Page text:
View an image version of this table.

The Medigap plan you choose should reflect your medical needs and your budget. Plans F, G and N tend to be the most popular Medigap plans, likely due to lower premiums, although Plan F isn’t available to beneficiaries who initially became eligible for Medicare after January 1, 2020. If you opt for one of these popular plans, you may have to meet a high deductible before you’re eligible for reimbursement. Beneficiaries who purchase Plan N also incur copayments for office visits and ER trips that don't result in hospital admission.

Because Georgia’s Medigap policies are sold by multiple private insurance companies, each insurer may offer a different selection of plans. However, every company that sells Medicare supplement insurance is required to offer Plans A, C and F. Premiums for these plans, and others, may vary by insurer.  

How Do I Enroll in a Georgia Medigap Plan?

Medigap’s open enrollment period begins at the start of your 65th birthday month. You must be enrolled in Medicare Part B before you're eligible to purchase this supplemental insurance.

It’s typically best to enroll in a Medigap plan during this initial six-month enrollment period because you’ll have access to all available plans in your area, and insurers can’t deny you coverage or charge you higher premiums due to underlying health issues during this period. If you don’t enroll during this open enrollment period, you risk incurring higher premiums or being denied coverage altogether due to a company’s medical underwriting requirements.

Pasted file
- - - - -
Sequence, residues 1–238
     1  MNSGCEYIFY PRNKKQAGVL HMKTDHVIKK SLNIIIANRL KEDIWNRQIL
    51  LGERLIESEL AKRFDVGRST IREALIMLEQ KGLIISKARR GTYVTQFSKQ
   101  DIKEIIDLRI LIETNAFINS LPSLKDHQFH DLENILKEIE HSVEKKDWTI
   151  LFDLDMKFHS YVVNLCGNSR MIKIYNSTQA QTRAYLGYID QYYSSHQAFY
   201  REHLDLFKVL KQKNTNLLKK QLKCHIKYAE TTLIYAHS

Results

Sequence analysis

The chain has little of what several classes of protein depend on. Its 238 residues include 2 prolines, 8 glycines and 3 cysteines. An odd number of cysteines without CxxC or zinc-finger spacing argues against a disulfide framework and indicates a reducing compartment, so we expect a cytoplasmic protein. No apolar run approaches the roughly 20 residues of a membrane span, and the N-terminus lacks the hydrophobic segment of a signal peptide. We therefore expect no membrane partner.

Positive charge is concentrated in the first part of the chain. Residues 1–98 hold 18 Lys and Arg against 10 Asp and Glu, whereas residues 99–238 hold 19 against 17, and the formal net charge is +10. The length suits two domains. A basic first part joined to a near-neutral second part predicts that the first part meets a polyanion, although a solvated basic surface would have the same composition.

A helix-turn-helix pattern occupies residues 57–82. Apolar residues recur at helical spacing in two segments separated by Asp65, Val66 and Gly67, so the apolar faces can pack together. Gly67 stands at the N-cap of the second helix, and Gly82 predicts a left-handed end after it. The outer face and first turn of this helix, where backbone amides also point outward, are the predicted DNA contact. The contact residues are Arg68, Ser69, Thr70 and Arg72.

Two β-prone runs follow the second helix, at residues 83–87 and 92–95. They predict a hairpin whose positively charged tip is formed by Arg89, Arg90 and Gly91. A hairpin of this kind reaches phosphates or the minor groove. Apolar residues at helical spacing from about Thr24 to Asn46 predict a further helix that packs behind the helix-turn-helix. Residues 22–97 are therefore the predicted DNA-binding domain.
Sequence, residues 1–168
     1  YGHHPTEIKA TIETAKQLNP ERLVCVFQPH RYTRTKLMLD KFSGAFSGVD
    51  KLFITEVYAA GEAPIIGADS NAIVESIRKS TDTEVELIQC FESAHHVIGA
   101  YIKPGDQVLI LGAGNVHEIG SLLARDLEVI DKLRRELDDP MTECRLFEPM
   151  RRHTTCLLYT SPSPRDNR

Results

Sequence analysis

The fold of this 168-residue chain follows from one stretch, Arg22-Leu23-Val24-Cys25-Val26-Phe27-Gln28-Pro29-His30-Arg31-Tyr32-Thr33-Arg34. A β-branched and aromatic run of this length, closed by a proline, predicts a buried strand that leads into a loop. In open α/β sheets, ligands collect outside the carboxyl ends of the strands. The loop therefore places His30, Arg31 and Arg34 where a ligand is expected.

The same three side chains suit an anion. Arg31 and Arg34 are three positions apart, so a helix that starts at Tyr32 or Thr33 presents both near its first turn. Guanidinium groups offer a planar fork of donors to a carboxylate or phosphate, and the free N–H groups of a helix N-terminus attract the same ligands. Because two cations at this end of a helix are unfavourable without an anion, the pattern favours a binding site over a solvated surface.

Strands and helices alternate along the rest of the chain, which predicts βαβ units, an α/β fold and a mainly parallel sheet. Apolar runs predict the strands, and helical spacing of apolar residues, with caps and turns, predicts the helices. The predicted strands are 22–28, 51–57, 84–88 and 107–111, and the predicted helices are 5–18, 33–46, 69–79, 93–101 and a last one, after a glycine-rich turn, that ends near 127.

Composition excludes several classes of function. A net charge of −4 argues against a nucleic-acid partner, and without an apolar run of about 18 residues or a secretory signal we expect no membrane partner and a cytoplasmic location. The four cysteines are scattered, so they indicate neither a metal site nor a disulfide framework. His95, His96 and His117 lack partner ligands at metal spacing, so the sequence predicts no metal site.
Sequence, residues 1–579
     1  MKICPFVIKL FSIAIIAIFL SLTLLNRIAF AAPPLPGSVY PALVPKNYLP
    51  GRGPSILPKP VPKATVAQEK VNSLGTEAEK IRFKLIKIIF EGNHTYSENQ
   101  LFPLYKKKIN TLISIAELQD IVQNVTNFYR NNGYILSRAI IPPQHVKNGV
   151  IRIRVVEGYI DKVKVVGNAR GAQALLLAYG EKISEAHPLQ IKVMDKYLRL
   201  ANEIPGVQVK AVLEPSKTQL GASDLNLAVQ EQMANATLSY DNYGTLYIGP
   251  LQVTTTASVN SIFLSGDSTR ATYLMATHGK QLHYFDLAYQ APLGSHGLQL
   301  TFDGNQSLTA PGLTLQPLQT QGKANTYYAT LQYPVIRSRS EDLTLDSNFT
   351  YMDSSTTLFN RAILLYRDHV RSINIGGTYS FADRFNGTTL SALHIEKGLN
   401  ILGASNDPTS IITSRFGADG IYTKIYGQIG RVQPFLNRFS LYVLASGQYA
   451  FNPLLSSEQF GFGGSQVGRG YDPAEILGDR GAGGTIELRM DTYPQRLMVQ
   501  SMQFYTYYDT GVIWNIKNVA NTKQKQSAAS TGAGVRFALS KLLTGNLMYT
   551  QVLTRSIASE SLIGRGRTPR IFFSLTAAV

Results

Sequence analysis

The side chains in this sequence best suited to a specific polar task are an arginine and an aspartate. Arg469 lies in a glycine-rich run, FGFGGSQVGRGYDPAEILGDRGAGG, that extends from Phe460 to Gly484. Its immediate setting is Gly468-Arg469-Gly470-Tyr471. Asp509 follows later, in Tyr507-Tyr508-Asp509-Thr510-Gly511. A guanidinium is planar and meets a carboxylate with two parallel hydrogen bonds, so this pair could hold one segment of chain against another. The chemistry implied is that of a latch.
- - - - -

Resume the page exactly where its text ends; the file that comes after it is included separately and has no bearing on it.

If you’ve missed the Medigap open enrollment period, you may still be able to purchase a plan without undergoing the medical underwriting process. Beneficiaries are afforded protections under federal law if certain circumstances apply. These guaranteed issue rights require Medigap providers to issue a policy to an Original Medicare enrollee regardless of medical underwriting requirements.

Guaranteed issue rights typically apply in these and other common scenarios:

  • You revert to Original Medicare because your Medicare Advantage plan was discontinued or no longer serves your region or you moved out of its coverage area.
  • Your Original Medicare plan is currently supplemented by an employer- or union-sponsored group health plan that’s ending.
  • Your Original Medicare plan is currently supplemented by a Medicare SELECT plan and you’ve moved out of the SELECT plan’s coverage area.
  • Your current Medigap provider goes bankrupt or you lose coverage for another reason that’s no fault of your own.
  • You relinquished your prior Medigap coverage due to the insurer’s misleading policies.
  • You dropped your current Medigap coverage while trying out a Medicare Advantage Plan but returned to Original Medicare within one year.

If you’re purchasing a Medigap policy through these federal protections, the insurer may not deny you coverage or charge higher premiums regardless of your current health or prior medical conditions. These protections typically begin up to 60 days before your other coverage terminates and last no longer than 63 calendar days afterwards.